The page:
It’s Valentine’s time, and EPA has dished out some tough love lately for alleged criminal and civil violations of environmental law and regulations.
US EPA has announced three public listening sessions and will re-open the public comment period regarding the Agency’s proposal to repeal the Obama-era Clean Power Plan, which contains rules for emissions from power plants.
Facilities in Indiana, California, New York, and Delaware are all subjects of EPA criminal or civil penalties in this week's EPA Enforcement Roundup.
US EPA last week released guidance to reverse a long-held Clean Air Act policy that enabled the Agency to regulate sources of hazardous air pollutants (HAPs) as “major sources” even if the facility no longer had the potential to emit pollutants above the major source threshold.
This week, the US Supreme Court decided unanimously not to take up a challenge to EPA’s 2015 Waters of the United States, or WOTUS, Final Rule. The Court held that challenges to the Final Rule—which expanded the Agency’s authority to enforce the Clean Water Act by more broadly interpreting the term “navigable waters”—must be brought in district courts and not circuit appeals courts, where this case originated.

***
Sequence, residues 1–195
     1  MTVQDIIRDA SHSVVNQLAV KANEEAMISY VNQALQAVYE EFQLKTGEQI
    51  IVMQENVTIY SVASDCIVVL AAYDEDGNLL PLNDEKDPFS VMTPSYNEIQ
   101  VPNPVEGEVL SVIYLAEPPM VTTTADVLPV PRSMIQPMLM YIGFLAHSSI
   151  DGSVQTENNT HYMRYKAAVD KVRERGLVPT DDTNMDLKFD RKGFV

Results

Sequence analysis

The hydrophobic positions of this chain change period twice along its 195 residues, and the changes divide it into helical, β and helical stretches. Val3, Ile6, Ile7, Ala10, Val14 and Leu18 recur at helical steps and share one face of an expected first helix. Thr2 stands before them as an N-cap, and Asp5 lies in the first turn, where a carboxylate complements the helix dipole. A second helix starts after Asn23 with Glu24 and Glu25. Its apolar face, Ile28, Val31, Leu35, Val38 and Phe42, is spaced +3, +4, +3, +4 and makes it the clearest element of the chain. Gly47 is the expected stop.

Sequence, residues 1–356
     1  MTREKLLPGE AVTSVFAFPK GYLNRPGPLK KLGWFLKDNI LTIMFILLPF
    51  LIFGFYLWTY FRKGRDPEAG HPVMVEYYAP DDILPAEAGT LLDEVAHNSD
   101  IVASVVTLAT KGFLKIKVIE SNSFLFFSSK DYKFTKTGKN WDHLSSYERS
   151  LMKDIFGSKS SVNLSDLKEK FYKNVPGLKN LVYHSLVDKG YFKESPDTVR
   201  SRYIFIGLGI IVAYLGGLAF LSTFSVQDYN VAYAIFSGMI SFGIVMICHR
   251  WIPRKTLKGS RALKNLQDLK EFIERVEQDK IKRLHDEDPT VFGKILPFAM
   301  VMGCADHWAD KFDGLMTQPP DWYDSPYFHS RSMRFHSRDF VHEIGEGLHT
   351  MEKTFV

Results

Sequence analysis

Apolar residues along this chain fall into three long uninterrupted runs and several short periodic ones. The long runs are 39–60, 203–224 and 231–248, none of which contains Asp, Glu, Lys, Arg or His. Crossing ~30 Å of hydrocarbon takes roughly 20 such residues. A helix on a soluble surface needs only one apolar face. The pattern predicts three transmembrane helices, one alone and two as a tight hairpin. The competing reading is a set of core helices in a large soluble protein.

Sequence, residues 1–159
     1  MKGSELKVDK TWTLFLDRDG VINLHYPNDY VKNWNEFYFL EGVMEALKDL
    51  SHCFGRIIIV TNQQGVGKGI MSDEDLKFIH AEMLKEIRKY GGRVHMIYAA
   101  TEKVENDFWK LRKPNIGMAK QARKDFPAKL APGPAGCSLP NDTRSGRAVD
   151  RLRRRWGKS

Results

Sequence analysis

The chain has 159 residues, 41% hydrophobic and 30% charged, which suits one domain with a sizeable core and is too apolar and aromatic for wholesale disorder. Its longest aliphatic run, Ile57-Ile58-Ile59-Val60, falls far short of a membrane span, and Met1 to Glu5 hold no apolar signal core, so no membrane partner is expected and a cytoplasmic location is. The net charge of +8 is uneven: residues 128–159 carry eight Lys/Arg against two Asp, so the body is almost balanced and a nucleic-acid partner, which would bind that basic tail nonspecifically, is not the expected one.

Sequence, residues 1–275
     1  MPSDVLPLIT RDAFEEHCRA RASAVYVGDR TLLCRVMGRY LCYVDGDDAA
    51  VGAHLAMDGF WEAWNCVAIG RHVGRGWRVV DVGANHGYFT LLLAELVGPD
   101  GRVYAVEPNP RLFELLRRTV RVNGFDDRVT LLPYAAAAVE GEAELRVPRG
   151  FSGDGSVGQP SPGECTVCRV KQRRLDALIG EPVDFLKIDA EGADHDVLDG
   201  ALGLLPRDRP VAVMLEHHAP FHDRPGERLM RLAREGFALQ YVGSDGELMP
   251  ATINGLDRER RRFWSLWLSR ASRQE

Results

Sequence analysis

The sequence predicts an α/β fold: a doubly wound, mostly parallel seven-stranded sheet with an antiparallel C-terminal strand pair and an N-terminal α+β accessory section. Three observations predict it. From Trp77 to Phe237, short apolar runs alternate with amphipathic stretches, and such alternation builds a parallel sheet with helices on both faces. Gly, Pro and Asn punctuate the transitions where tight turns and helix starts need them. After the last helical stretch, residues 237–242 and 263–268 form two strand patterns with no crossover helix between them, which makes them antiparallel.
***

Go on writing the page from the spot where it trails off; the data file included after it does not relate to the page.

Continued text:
A lump of coal may be the holiday gift for bad boys and girls, but EPA had a much worse “present” in store for two carbon black manufacturers in December. In the final week of 2017, EPA giftwrapped some major Clean Air Act penalties for these two companies, totaling about $2 million.
When we talk about hazardous waste, we usually talk about EPA’s “cradle-to-grave” management requirements. But what if your hazardous waste stops being hazardous waste at some point in the process? How do change the way you manage it without running afoul of the RCRA regulations?
This week, the EPA Enforcement Roundup returns for our final installment of 2017! This time around, the President of an environmental services firm In Pennsylvania faces criminal charges for illegal storage and disposal of hazardous waste.
US EPA and the Army Corps of Engineers have proposed adding an applicability date to the much-debated 2015 Waters of the United States (WOTUS) Final Rule. The Final Rule, still stayed nationwide by court order and now under consideration by the Supreme Court, expanded the scope of the Clean Water Act to address discharges to bodies of water not previously covered.
If environmental groups and concerned citizens find they cannot achieve their aims by bringing EPA to court, they may double their efforts to sue individual facilities for perceived violations of environmental law and regulations.
When EPA civil penalties rise, so does the value of environmental compliance.